• newswise-fullscreen Fire: The Unthinkable

    Credit: Lynne Davis

    Cathedral of Notre Dame

  • newswise-fullscreen Fire: The Unthinkable

    Credit: Lynne Davis

    Cathedral of Notre Dame

  • newswise-fullscreen Fire: The Unthinkable

    Credit: Lynne Davis

    Cathedral of Notre Dame

  • newswise-fullscreen Fire: The Unthinkable

    Credit: courtesy

    Lynne Davis at the Cathedral of Notre Dame

Newswise — Following the recent fire at the Cathedral of Notre Dame, Lynne Davis, the Robert L. Town Distinguished Professor of Organ at Wichita State University, has written a reflective piece, “Fire: The Unthinkable.” Davis is familiar with the cathedral and the Great Organ and Choir Organ, having performed two concerts there.

Read her thoughts on the history and significance of the Cathedral of Notre Dame and its world-renowned Great Organ.

 

FIRE: The Unthinkable

by Lynne Davis 

The 850-year-old Cathedral of Notre Dame in Paris is a vast symbol to many people.  It is the beginning of music in our Western Civilization in the 11th Century with Leonin and Perotin. It is the seat of the Archbishop of Paris, one of the heads of the Catholic Church and the representative of the Pope. For so many around the world, it represents a spiritual high place as well as the repository of the true Gothic building tradition. This includes stained-glass windows, stone vaulting, flying buttresses, and until recently, an enormous wooden roof and frame covering all of the stone vaulting. 

This frame high above the stone vaulting and the cathedral everyone sees when one enters is a maze of wooden beams cut from oak trees between 1220 and 1240. Most every beam was cut from a single tree, and because of its intricate look is called the “forest.” It was 100 meters long, 13 m wide in the nave, 40 meters wide in the transept and 10 m high.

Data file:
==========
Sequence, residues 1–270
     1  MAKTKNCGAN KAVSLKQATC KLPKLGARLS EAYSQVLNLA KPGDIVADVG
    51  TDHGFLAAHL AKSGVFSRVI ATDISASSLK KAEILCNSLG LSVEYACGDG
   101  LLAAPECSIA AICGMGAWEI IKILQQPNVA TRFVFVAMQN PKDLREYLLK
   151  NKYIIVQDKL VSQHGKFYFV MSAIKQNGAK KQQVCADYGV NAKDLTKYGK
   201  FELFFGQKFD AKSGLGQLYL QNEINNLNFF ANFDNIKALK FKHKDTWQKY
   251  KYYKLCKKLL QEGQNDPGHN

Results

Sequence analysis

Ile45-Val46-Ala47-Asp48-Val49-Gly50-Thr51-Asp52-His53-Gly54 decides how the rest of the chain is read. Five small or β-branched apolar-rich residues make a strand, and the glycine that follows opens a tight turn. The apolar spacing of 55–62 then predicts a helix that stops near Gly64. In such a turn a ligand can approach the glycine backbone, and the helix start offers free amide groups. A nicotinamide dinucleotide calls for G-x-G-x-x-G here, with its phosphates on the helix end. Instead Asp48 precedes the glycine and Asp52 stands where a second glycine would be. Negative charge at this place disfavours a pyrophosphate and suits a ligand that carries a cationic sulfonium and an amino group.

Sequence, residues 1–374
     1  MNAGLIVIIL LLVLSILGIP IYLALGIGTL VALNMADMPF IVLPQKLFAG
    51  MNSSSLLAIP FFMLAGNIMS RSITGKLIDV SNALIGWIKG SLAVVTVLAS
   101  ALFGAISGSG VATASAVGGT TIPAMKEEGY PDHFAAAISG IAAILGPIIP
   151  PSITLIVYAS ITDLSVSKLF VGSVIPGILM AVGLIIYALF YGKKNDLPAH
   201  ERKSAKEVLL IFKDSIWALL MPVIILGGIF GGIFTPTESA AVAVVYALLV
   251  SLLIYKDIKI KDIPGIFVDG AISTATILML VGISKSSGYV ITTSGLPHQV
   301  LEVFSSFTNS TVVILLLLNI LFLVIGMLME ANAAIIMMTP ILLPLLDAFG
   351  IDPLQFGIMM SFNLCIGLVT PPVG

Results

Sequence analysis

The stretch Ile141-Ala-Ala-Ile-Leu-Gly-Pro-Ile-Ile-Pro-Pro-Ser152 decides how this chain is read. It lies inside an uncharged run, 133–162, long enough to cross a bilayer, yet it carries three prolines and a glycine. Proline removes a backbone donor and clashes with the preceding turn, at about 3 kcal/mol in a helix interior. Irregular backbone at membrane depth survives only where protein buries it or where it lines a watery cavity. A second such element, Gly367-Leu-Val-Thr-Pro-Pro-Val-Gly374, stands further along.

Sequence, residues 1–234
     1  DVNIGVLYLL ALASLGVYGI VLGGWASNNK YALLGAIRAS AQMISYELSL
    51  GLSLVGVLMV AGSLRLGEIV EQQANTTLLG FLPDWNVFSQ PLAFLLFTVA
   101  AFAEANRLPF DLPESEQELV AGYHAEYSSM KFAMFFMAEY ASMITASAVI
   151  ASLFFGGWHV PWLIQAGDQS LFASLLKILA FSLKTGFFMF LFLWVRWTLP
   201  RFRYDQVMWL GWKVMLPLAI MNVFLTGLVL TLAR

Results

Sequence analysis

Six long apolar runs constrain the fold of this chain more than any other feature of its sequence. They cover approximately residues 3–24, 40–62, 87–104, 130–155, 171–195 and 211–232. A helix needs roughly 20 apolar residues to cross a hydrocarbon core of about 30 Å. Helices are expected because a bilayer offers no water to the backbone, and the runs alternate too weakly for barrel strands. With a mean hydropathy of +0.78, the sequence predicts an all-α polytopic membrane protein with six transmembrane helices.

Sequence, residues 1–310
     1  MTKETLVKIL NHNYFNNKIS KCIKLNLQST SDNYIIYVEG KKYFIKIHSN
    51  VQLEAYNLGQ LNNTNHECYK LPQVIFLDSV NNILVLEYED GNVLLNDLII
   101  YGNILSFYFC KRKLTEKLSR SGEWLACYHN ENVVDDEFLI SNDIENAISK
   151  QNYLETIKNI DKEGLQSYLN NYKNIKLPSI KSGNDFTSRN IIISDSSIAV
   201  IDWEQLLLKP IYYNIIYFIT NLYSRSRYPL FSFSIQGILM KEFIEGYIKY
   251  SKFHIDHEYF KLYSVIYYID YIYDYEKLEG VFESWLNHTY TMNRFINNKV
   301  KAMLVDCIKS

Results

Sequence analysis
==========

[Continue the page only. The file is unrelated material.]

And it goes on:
Above this wooden frame was a roof made of lead weighing 210 tons.  The cathedral being in the shape of a cross, there was a spire or wooden needle above the crossing of the transept and the nave. This spire was built in the 19th century by the famous Gothic revival architect, Viollet le Duc.

Extensive scaffolding was put in place recently around this crossing of the nave and transept to start restoration of the spire and structural elements that were showing signs of distress.

On Monday, April 15, the unthinkable happened. During the evening mass shortly after 6:15 p.m., the cathedrals fire alarms went off. Everyone was evacuated. What one saw on the outside was pure horror. A huge cloud of smoke and red flames were coming from this middle point. 

Slowly, as the entire world watched, the fire spread to the roof over the choir and ambulatory and the nave. It looked like Dante’s inferno.

The spire with flames bursting upwards collapsed into the cathedral. Firefighters worked nine long hours to try and contain the fire and to prevent it spreading to the two towers on the west end. 

The cathedral is also known for its world-renowned Great Organ and the Choir Organ. The news that the cathedral was burning impacted particularly the world of all musicians, especially that of organists.

My connection with Notre Dame goes back to when I made my first trip as a college student to Europe. As any tourist, we visited Notre Dame. After I went to France to study, Notre Dame was a frequent stop where we attended the weekly Sunday afternoon organ recitals, often perching ourselves on the steps of the alter in the crossing because the cathedral was filled to the brim.

Soon, I was able to go up to the organ loft, a high honor, and peer over the railing into the nave below. Then I played two concerts on this organ in the late 70s and early 80s.